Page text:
SCHUMER: Absolutely not, and let me explain why. First, Estrada was never a judge, so we had no way to judge what his record would be in the best way to judge it, cases that we had ruled on. And so when we asked him questions, he said absolutely nothing. He said, I cannot answer this question, I cannot answer that question. In fact, Judge Sotomayor has answered more questions on hearings already, because of her two confirmation hearings, than Estrada said. So we had totally nothing to do on with Estrada.
What we said about Miguel Estrada is, if he talked a little bit about his judicial philosophy, we could give him a fair hearing. He absolutely refused. He had no record as a judge. The two standards are like night and day.
Justice Roberts, Justice Alito, they answered questions far more extensively than Estrada did, and I think most commentators said they learned a lesson from Estrada, that you have to answer some questions about your judicial philosophy, particularly when you don't have a record as a judge.
CORNYN: Well, George, I think -- I take a contrary view, as you might imagine. I think this is pretext. I mean, Miguel Estrada immigrated from Honduras. He couldn't speak English, when he was 17 years old, came here, graduated from the two top schools in America, and rose to the very top of the legal profession. And yet, he was filibustered by Democrats who denied an up-or-down vote in the United States Senate.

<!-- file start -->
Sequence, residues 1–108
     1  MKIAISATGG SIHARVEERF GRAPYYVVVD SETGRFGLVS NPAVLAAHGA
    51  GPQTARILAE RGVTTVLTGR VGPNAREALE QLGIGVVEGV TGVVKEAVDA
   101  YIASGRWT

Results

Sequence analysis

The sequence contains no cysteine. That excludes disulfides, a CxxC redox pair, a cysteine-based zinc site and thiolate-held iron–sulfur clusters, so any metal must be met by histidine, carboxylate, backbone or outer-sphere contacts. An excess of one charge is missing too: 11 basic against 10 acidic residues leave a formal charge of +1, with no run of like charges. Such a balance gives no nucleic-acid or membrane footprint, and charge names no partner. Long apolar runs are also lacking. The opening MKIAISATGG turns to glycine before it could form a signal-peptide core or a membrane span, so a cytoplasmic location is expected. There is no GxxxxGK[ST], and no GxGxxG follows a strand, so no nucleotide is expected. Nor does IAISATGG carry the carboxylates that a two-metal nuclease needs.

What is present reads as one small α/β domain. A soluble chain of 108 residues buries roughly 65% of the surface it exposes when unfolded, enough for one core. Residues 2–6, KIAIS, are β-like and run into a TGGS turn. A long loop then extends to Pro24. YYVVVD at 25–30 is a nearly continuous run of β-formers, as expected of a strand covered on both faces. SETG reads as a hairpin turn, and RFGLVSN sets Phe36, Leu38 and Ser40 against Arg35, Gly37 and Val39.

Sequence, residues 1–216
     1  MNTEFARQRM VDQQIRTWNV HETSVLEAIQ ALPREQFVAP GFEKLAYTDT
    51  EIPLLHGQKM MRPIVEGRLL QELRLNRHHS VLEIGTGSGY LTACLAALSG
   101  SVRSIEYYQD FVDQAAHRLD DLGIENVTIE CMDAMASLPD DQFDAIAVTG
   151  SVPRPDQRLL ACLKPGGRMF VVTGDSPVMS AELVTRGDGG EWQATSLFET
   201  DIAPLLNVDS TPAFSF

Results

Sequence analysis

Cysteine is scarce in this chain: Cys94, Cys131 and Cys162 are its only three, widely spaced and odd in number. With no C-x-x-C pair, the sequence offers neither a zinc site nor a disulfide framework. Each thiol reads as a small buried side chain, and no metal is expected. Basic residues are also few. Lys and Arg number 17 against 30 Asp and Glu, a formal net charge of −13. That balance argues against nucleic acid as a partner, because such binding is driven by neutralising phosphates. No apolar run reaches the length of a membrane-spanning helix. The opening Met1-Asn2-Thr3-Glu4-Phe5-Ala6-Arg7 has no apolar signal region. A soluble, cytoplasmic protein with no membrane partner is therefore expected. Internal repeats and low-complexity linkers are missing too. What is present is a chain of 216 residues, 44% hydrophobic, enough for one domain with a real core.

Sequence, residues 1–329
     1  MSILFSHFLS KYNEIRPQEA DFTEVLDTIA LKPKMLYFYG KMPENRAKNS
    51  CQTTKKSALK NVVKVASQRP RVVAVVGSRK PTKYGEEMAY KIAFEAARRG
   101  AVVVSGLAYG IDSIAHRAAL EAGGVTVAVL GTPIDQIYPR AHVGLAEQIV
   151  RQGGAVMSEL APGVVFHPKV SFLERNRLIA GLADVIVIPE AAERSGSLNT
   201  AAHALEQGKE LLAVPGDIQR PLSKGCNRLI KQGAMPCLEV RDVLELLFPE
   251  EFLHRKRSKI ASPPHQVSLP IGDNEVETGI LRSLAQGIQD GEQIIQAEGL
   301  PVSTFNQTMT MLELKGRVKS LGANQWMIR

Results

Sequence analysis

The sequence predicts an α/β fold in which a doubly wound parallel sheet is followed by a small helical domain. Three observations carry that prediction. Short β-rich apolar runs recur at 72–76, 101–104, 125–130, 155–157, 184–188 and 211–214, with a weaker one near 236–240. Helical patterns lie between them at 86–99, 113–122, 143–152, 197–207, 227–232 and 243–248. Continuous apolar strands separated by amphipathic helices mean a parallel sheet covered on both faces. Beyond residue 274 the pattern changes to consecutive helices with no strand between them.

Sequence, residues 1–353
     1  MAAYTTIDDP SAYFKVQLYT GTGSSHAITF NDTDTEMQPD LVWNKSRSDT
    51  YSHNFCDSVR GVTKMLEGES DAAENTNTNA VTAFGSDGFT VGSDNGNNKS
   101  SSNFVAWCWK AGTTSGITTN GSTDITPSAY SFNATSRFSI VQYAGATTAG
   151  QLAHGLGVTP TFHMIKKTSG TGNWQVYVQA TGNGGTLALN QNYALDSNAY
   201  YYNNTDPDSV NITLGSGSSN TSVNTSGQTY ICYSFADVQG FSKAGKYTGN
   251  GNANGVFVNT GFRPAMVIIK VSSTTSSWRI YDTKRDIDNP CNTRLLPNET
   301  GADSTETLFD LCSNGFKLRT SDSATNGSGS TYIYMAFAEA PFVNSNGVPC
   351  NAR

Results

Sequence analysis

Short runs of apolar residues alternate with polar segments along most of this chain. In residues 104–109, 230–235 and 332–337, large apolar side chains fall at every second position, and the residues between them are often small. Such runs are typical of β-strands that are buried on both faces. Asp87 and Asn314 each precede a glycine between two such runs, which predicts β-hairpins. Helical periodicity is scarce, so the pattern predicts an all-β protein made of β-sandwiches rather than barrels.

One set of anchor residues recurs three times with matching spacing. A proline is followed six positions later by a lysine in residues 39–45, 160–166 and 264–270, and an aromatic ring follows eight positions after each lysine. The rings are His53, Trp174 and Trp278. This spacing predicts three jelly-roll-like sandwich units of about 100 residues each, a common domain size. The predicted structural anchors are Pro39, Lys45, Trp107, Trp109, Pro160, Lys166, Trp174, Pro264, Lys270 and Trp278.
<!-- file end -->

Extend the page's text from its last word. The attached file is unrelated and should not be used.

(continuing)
Now, can you imagine if the shoe were on the other foot today?
STEPHANOPOULOS: Is filibuster on the table today?
CORNYN: Well, I think it's really premature to say that, or to speculate. That's why I...
STEPHANOPOULOS: So it's possible that Republicans will filibuster?
CORNYN: I'm not willing to judge one way or the other, George, because frankly, we need to not prejudge, not pre-confirm, and to give Judge Sotomayor the fair hearing that Miguel Estrada, and, indeed, Clarence Thomas were denied by our friends on the other side of the aisle.
SCHUMER: Let me say this, George. I think when my Republican colleagues -- and I think they have approached this in an open-minded way -- when they see her record of excellence -- she's legally excellent -- of moderation. She is not a far left-wing judge.
SCHUMER: Businessweek said her record on business was moderate. The Wall Street Journal called her mainstream. And then her compelling history, I think she's virtually filibuster-proof when people learn her record and her story.
STEPHANOPOULOS: Let me finish up with Senator Cornyn. Your colleague, Republican Senator Chuck Grassley, has already said he believes that she will be confirmed. Do you see anything standing in the way of Judge Sotomayor's confirmation right now?
CORNYN: Well, there are a lot of important questions. We've talked about some of them this morning. We need to know, for example, whether she's going to be a justice for all of us, or just a justice for a few of us. And, you know, this promise of equal justice under the law is not just a motto emblazoned above the Supreme Court, this is the standard. And indeed, by ignoring a genuine constitutional issue about reverse discrimination in the New Haven firefighter case, you know, the comments she made about the quality of her decisions being better than those of a white male -- I mean, we need to go further into her record to see whether this is a trend, or whether these are isolated and explainable events.